Estimate: £10,000 - £15,000
ca. US$15,810 - US$23,715
Price realised: £11,250
THOMAS WALTHER COLLECTION Hugo Erfurth Oskar Kokoschka c. 1920 Pigment print. 28.5 x 21.4 cm (11 1/4 x 8 3/8 in). Credited and titled in pencil in an unidentified hand on the verso.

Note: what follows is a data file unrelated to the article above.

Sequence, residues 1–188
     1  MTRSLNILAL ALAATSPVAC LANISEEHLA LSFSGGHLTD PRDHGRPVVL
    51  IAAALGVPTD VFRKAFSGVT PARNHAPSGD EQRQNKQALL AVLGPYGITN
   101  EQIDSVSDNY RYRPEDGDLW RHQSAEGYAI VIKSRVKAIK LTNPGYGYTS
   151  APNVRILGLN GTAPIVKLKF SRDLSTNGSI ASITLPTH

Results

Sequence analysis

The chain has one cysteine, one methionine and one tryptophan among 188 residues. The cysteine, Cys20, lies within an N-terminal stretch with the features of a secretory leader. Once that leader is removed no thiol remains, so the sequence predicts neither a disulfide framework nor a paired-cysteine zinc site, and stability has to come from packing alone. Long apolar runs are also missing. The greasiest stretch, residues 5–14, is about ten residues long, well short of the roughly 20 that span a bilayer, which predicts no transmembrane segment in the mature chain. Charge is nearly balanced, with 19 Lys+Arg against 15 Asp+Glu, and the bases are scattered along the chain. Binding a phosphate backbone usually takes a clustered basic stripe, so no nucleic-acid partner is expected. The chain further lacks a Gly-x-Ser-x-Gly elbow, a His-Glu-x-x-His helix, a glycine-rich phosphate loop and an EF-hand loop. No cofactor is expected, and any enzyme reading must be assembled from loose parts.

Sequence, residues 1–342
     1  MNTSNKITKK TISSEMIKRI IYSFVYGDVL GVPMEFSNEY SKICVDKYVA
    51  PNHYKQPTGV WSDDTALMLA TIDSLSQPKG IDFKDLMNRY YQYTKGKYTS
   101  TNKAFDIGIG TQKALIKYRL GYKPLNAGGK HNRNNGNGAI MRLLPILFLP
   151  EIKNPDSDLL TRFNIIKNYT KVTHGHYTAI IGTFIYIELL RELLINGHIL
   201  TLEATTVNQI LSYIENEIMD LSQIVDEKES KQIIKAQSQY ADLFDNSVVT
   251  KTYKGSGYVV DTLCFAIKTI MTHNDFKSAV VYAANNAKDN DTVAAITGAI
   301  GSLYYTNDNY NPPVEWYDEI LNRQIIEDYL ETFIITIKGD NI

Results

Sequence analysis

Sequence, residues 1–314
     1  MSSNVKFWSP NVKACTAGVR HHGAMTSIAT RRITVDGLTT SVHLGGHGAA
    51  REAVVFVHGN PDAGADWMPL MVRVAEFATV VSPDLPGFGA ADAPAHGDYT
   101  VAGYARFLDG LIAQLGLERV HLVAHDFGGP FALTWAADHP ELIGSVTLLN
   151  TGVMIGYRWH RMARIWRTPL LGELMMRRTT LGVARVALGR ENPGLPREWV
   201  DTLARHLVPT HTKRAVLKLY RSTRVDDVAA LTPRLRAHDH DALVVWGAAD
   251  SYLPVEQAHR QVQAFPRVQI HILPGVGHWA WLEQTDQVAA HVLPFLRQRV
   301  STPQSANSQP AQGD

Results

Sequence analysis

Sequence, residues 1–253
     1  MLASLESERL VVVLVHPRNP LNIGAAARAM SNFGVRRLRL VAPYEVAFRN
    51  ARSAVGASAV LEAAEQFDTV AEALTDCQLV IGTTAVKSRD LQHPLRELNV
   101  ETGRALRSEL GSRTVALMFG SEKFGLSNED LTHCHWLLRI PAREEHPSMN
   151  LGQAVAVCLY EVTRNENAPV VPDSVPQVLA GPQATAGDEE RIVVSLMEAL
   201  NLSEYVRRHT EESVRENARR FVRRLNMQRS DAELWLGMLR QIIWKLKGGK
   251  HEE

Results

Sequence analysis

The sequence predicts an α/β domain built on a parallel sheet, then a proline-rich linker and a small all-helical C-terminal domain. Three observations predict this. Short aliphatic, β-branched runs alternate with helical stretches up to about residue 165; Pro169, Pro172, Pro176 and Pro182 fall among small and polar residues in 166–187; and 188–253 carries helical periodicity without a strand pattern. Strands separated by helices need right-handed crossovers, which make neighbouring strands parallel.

Provenance Galerie Kicken, Berlin Exhibited Cologne, Pressa: International Press Exhibition, 1928; Stuttgart, FiFo (Film und Foto) Photo International Exhibition, 1929 (each another example exhibited) Literature Rudolf Kicken Galerie 1976–1986, Rudolf Kicken, 1986, p. 25; Dewitz, Hugo Erfurth: Menschenbild und Prominentenportrait 1902–1936, Cologne: Wienand, 1989, pl. 45, there dated ‘1922’; Hugo Erfurth 1874–1948: Photograph Zwischen Tradition und Modern, Cologne: Wienand, 1992, p. 288, there dated ‘c. 1920’ Catalogue Essay Hugo Erfurth photographed the artists and the avant-garde of the Weimer Republic in the 1920s. Oskar Kokoschka (in the present lot) was among some of the most distinguished artists of the period; Otto Dix, Max Beckmann, Marc Chagall and Paul Klee all came under his pictorial gaze. From 1896 until approximately 1925, Erfurth worked as a portrait photographer in Dresden, where he had studied at the Academy of Arts and had picked up the aesthetics of the era, especially its taste for the compositional style of Art Nouveau. His primary goal was to present the subject through personal expression while at the same time demonstrating that the medium was elastic, sensitive and more ‘modern’, in terms of its versatility, than painting. Printing with different processes such as pigment presented a painterly texture but also they had the added quality of ease (relatively so) of reproduction whilst keeping the craft and integrity of the medium intact. The pigment print, like the gravure, was one of the favoured techniques of production by the Photo-Succession artists. The ground-breaking magazine Camera Work, born out of Alfred Steiglitz’s vision and love of the medium, championed the photogravure for its combination of the painterly softness with the pictorial style. This sent the message that photography was not just a functional necessity but a form of fine art, one which could be as exquisite as any other. Photographers such as Hugo Erfurth, who were heavily influenced by the aforementioned styles, used the nuances of what pigment, silver or platinum and gum arabic could create. In this notable portrait of Kokoschka, Erfurth manipulates the pigment to give an effect similar to a graphite drawing capturing and freezing a luminosity created by the subject’s placement in natural light. Read More
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